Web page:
Mother Wore Tights was a huge hit, and earned three Oscar® nominations, for Harry Jackson's cinematography, for the song "You Do," and for Alfred Newman's musical score, which won the award. The reviews ranged from tepid to enthusiastic. The New York Times critic called it "a pretty fair song and dance show," and added, "Miss Grable in Technicolor is a balm for the eyes...Dan Dailey put a great deal of compensating personality into the tired numbers." Time called it "a trifle weak on dramatic interest," but had kinder words for the stars. "Brash Dan Dailey...has a personality as sharp and convincing as a breath of stage door air: he can really sing really dance, and really act. Miss Grable can sing too; her pleasure in playing a generous and happy woman is contagious enough to make up for her shortcomings as an actress. What she can really do, of course, is dance. And she still holds the undisputed title to the most gorgeous legs in the business."
Grable remained on top into the early 1950s, and when she began slipping, Fox groomed a new, younger blonde to succeed her, even putting the two stars in the same film, How to Marry a Millionaire (1953). With typical generosity, Grable encouraged Marilyn Monroe, saying "Honey, I've had mine. Go get yours."
Director: Walter Lang
Producer: Lamar Trotti
Screenplay: Lamar Trotti, based on the book by Miriam Burt Young
Cinematography: Harry Jackson
Editor: J. Watson Webb, Jr.
Costume Design: Orry-Kelly, Charles Le Maire
Art Direction: Richard Day, Joseph C. Wright
Music: Alfred Newman, Charles Henderson
Cast: Betty Grable (Myrtle McKinley Burt), Dan Dailey (Frank Burt), Mona Freeman (Iris Burt), Connie Marshall (Mikie Burt), Vanessa Brown (Bessie), Robert Arthur (Bob Clarkman), Sara Allgood (Grandmother McKinley), William Frawley (Mr. Schneider), Ruth Nelson (Miss Ridgeway).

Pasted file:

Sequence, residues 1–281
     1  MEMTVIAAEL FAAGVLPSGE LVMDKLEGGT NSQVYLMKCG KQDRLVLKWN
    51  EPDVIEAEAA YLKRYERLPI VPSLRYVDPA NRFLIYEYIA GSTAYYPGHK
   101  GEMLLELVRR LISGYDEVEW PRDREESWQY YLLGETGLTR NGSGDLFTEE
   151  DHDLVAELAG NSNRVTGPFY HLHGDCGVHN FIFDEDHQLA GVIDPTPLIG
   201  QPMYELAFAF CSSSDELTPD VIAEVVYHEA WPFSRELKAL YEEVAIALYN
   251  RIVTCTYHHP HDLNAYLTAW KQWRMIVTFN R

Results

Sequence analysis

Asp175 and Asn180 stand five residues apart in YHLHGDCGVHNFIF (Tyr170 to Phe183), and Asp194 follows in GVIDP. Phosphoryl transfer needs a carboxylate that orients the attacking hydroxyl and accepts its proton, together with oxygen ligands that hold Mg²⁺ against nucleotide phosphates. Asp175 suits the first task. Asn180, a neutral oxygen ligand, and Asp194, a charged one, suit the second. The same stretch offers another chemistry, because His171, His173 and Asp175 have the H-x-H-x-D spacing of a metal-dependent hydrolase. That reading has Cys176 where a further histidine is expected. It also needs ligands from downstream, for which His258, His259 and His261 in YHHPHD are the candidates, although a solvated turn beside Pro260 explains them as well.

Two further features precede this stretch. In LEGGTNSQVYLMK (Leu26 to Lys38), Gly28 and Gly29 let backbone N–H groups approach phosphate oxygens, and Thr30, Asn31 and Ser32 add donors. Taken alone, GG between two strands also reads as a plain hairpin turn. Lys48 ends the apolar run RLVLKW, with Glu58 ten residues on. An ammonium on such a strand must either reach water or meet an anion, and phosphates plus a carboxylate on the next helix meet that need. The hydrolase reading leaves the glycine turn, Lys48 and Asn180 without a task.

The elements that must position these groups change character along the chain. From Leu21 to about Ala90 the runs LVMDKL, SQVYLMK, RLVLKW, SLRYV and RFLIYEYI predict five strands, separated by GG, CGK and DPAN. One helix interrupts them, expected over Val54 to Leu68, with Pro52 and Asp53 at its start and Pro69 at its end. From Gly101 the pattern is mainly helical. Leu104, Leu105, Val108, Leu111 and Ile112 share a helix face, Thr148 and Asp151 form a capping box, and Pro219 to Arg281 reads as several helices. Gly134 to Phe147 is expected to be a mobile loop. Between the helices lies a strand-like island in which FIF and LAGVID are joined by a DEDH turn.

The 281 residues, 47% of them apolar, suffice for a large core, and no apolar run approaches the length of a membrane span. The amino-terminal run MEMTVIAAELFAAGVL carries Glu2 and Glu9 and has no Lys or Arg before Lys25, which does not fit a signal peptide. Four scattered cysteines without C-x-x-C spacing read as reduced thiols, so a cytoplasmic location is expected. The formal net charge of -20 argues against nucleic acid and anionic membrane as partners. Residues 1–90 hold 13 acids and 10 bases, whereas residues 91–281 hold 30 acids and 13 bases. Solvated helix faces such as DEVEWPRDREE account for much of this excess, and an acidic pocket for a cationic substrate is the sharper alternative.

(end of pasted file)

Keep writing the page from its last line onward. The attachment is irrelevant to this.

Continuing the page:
by Margarita Landazuri
Mother Wore Tights
Although Hollywood Reporter production charts place Almira Sessions in the cast, her participation in the released film has not been confirmed. According to documents in the Twentieth Century-Fox Records of the Legal Department and the Twentieth Century-Fox Produced Scripts Collection at the UCLA Arts-Special Collections Library, in October 1945, the studio purchased rights to Miriam (Mikie) Young's biography of her parents for $23,000. Frank A. Burt, born Augustus Berek, and Myrtle McKinley enjoyed long careers in vaudeville as Burt and Rosedale. In a September 1946 press release found at the AMPAS Library, the studio announced that Peggy Ann Garner would play "Iris Burt," the role Mona Freeman eventually played. Some contemporary reviews list the character portrayed by Ruth Nelson as "Miss Ridgeway," although the screenplay refers to her as "Miss Ridgway." Alfred Newman won an Oscar for Best Scoring of a Musical Picture for Mother Wore Tights. The song "You Do" was nominated for Best Song and Harry Jackson received a nomination for his color cinematography. A radio adaptation of Mother Wore Tights, starring Betty Grable and Dan Dailey, was broadcast on Lux Radio Theatre on February 2, 1948. The screenplay was also adapted for broadcasts in 1949 and 1955. Mother Wore Tights preserves on color film part of the classic act of ventriloquist Señor Wences.